W3C home > Mailing lists > Public > public-appformats@w3.org > November 2007

Re: Design issues for access-control

From: Jonas Sicking <jonas@sicking.cc>
Date: Mon, 05 Nov 2007 10:18:42 -0800
Message-ID: <472F5E82.2020103@sicking.cc>
To: Bjoern Hoehrmann <derhoermi@gmx.net>
CC: Anne van Kesteren <annevk@opera.com>, public-appformats@w3.org

Bjoern Hoehrmann wrote:
> * Anne van Kesteren wrote:
>> You already said that. I'm not sure how you think that helps.
> 
> I think Thomas read you as saying it's good practise if authors of web
> services that handle POST requests secure their service against cross-
> site <form> submissions, but do not secure them against cross-site XHR
> requests, whereas you were really saying, authors have to do the former
> and might not currently do the latter, independent of good practises.
> 
> His point is that you really have to secure them against both, whatever
> that may mean for a particular service, so there is no difference from
> the perspective of the author's site. The relevance of your distinction
> to the discussion is that one wants to minimize the ways in which web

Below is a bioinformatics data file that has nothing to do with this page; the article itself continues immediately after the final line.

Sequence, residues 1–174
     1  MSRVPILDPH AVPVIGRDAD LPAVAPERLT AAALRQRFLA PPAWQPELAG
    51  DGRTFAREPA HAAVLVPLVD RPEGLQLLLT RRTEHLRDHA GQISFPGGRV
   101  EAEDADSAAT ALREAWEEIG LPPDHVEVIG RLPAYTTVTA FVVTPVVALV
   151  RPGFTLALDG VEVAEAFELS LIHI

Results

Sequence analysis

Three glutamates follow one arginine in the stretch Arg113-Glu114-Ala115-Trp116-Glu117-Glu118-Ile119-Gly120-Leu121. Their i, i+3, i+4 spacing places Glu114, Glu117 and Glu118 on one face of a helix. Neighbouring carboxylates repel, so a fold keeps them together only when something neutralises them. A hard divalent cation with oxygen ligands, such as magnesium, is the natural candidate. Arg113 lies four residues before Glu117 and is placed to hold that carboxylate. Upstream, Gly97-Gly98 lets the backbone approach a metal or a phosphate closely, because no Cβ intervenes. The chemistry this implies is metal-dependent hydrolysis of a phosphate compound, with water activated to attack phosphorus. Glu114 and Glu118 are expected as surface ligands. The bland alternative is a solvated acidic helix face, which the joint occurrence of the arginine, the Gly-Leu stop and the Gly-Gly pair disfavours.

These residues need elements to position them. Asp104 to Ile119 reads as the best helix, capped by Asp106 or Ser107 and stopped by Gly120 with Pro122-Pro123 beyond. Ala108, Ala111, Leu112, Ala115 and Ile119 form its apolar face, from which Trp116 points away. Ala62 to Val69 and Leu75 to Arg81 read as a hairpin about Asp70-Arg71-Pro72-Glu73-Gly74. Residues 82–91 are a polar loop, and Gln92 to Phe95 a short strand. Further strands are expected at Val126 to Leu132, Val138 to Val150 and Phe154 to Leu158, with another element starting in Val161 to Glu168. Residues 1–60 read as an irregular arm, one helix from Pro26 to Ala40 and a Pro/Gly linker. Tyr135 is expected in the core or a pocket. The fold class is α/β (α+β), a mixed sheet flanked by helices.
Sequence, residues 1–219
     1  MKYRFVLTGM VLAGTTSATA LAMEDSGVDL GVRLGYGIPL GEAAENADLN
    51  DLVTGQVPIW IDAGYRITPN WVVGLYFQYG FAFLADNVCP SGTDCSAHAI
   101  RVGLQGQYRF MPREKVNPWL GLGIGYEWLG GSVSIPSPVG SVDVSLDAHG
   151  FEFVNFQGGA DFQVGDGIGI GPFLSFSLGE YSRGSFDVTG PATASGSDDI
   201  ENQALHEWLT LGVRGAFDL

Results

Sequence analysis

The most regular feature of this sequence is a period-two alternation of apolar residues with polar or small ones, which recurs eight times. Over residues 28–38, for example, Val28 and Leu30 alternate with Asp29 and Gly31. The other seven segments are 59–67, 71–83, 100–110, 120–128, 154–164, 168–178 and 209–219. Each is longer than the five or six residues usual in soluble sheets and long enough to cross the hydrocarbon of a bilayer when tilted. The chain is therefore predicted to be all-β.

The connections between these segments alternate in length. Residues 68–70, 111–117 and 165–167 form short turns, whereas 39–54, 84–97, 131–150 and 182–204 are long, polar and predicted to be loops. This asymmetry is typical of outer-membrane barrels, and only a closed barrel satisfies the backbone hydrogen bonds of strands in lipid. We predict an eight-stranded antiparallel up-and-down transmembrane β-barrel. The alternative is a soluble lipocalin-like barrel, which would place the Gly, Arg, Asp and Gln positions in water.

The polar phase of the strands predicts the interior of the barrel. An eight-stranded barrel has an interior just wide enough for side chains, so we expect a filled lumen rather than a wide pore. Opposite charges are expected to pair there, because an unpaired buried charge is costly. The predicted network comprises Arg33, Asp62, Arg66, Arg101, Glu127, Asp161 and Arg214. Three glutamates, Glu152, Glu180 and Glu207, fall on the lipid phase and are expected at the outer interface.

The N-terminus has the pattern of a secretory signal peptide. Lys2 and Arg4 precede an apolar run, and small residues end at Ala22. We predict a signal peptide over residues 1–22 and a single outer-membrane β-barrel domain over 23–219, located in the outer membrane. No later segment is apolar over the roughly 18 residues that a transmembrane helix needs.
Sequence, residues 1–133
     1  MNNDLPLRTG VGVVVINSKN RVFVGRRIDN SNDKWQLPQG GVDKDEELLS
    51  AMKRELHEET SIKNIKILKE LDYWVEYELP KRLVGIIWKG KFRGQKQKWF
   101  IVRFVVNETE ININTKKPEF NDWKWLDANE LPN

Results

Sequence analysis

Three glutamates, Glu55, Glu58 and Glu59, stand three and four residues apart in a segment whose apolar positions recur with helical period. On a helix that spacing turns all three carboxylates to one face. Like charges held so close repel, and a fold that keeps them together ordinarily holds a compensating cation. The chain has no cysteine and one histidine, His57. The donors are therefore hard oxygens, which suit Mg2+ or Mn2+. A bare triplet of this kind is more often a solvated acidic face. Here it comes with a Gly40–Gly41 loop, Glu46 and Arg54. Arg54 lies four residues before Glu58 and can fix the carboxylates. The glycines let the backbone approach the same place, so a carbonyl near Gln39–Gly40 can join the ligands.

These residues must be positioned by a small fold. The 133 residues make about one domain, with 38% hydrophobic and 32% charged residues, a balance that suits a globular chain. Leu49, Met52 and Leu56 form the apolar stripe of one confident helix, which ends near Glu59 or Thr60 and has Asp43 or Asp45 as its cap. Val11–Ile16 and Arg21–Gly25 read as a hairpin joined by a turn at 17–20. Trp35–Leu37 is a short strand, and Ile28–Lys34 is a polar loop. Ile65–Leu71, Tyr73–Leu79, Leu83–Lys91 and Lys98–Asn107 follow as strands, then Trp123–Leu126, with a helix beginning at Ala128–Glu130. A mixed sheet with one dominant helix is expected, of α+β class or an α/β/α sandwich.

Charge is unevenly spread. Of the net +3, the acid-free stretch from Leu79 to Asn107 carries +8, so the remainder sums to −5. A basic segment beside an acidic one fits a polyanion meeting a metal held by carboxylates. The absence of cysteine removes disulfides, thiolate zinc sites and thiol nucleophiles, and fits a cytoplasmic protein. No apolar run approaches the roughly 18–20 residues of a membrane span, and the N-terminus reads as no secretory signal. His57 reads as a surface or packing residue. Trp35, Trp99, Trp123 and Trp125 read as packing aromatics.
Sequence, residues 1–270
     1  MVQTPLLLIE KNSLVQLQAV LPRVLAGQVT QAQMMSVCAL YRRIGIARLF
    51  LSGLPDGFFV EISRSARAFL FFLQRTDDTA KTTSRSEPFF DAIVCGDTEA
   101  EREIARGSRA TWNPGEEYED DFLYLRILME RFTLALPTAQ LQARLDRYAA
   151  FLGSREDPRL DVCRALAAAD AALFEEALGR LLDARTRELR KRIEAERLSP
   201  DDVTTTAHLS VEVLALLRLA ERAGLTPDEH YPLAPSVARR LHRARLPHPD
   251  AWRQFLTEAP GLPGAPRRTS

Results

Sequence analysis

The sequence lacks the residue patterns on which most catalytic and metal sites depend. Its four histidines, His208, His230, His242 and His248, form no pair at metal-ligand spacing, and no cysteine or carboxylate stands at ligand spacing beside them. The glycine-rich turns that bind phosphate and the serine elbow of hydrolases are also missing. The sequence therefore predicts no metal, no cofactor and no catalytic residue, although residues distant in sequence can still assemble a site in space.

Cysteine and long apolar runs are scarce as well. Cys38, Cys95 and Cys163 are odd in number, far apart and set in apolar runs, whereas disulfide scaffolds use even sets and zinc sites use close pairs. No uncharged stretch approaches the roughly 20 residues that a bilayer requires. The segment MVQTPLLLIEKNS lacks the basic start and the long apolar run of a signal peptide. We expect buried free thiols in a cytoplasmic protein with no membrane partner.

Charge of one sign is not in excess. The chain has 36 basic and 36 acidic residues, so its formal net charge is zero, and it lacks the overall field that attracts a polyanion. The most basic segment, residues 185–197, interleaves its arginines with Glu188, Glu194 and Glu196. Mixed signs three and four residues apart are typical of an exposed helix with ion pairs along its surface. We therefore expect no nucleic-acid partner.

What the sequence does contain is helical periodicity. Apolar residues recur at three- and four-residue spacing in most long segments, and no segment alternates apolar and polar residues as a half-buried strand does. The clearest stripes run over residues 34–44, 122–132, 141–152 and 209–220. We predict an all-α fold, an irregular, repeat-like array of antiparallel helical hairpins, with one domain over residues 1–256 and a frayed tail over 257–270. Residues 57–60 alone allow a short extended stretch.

> browsers can be used to attack poorly secured web services, and Thomas
> was asking to which degree this actually has security benefits.

Why do you have to currently check for cross-site XHR POST requests? I 
would argue that you don't, and that there very likely are servers out 
there that don't. Thus, if we simply allowed cross-site XHR POST 
requests we'd make such servers vulnerable whereas they didn't used to.

I agree that there very likely are servers out there that are vulnerable 
to cross site <form> POST requests. That is bad, but I don't think that 
is anything we can nor should do anything about here.

/ Jonas
Received on Monday, 5 November 2007 18:21:37 UTC

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